David Rosenberg, chief economist and strategist at Gluskin Sheff + Associates, observed that Canada might even emerge relatively unscathed, given that it has suffered disproportionately from NAFTA with losses to its manufacturing sector.
"The hit to Canadian trade is much worse than was the case for the U.S., with all deference to the complaints coming out of the White House," Mr. Rosenberg said in an e-mail. "Remember, we were just fine with the Free Trade Agreement, but we were dragged into the talks with Mexico kicking and screaming, but to no avail."
However, markets could be rattled if investors see the termination of NAFTA as a larger sign that the U.S. government is moving away from free trade and globalization, which have helped drive corporate profits for decades. Markets might even assume that the Trump administration will turn its attention to China next.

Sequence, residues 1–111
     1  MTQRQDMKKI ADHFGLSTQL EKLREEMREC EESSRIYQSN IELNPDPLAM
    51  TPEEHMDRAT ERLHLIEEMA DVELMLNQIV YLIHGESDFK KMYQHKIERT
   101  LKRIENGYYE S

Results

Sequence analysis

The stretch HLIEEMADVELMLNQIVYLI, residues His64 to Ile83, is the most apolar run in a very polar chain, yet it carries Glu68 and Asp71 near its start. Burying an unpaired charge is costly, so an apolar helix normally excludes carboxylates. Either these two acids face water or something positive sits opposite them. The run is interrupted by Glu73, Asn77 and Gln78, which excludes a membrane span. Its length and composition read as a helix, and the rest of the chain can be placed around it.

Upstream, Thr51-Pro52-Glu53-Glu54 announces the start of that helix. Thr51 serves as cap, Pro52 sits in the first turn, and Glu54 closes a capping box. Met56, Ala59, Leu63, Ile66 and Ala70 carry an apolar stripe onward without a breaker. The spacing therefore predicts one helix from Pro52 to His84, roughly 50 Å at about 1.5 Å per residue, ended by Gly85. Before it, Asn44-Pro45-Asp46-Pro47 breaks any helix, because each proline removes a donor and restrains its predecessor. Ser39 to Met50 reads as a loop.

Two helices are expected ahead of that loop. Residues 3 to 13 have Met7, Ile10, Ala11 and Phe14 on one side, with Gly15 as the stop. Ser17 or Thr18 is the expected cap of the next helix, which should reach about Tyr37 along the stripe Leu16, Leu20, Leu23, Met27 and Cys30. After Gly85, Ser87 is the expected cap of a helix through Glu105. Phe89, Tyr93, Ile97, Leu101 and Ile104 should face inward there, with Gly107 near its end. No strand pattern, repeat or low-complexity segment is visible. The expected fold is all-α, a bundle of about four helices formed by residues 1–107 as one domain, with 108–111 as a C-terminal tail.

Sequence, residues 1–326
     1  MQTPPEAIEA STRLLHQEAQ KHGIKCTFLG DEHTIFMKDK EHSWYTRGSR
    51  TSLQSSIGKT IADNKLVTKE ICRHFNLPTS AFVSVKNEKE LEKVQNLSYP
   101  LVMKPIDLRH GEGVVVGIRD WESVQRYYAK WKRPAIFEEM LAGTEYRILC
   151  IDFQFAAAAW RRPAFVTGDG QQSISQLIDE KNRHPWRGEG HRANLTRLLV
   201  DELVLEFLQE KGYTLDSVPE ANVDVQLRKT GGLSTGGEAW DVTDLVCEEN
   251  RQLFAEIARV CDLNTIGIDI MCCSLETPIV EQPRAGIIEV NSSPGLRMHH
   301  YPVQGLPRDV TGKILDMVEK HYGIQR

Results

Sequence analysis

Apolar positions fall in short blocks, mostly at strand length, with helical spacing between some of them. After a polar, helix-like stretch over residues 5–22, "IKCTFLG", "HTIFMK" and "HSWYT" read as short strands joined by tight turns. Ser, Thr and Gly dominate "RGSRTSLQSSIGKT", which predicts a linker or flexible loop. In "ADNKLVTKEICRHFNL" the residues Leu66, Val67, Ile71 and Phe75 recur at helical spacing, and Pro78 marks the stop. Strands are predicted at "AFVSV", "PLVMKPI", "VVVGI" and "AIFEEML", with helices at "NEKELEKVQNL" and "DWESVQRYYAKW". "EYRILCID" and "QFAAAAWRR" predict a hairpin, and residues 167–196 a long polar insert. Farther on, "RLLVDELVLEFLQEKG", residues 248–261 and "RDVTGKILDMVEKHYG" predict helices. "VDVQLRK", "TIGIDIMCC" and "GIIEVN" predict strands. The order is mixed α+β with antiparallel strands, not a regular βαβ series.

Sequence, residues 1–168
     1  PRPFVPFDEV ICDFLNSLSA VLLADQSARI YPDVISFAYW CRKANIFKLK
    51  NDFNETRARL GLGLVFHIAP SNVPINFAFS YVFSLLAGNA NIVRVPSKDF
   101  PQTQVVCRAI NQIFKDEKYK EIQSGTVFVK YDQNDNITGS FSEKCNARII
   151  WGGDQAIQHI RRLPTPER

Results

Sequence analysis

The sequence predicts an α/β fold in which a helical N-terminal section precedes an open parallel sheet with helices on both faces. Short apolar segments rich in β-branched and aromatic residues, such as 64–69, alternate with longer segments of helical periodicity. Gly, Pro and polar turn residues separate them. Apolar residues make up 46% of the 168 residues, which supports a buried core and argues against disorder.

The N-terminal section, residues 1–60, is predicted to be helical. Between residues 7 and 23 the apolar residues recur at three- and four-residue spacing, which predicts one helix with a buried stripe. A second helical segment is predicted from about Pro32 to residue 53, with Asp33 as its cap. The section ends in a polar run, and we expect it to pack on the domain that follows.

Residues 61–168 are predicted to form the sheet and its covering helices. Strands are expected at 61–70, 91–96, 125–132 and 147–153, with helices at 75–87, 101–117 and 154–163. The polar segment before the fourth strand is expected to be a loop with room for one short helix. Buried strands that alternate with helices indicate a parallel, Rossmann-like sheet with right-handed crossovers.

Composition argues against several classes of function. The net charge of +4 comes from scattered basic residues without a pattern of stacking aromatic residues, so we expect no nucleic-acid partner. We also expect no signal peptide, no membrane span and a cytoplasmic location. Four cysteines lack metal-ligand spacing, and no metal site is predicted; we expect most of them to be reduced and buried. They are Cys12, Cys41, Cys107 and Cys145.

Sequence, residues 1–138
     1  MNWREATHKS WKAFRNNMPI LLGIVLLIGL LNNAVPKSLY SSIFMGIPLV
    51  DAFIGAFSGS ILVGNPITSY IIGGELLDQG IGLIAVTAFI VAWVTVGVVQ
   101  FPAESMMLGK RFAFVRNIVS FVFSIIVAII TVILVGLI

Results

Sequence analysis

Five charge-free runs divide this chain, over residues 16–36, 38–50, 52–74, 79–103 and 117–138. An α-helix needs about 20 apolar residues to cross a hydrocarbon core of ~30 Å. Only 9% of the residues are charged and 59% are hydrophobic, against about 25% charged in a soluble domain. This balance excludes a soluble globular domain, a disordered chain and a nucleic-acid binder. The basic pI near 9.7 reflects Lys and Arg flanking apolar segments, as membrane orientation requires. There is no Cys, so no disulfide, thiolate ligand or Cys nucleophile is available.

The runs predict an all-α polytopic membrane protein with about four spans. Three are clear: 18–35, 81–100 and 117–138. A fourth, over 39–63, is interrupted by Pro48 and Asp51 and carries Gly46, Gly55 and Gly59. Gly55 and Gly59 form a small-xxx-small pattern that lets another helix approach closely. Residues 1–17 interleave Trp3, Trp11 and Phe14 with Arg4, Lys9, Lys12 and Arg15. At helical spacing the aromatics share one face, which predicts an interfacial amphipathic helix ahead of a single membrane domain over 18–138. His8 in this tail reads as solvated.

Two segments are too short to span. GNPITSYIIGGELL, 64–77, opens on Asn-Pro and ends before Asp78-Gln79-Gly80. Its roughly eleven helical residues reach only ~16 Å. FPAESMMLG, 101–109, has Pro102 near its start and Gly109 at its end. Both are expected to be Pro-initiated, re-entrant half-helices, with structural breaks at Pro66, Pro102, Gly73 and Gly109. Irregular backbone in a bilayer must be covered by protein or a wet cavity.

According to Bruce Cooper, chief investment officer at TD Asset Management, investors could interpret U.S. trade policy this way: "We've dealt with target No. 1. Now there's target No. 2."
The result, he believes, is currency and market volatility, although he can't see more than a 5-per-cent decline in Canadian stocks given low interest rates and the upbeat global economic backdrop.
"The termination of NAFTA would have long-term implications, but they'd play out over a number of years," Mr. Cooper said.
In his report this week, Mr. de Verteuil said Canadian businesses wouldn't be devastated overnight but there would be "a slow bleed, over an extended period."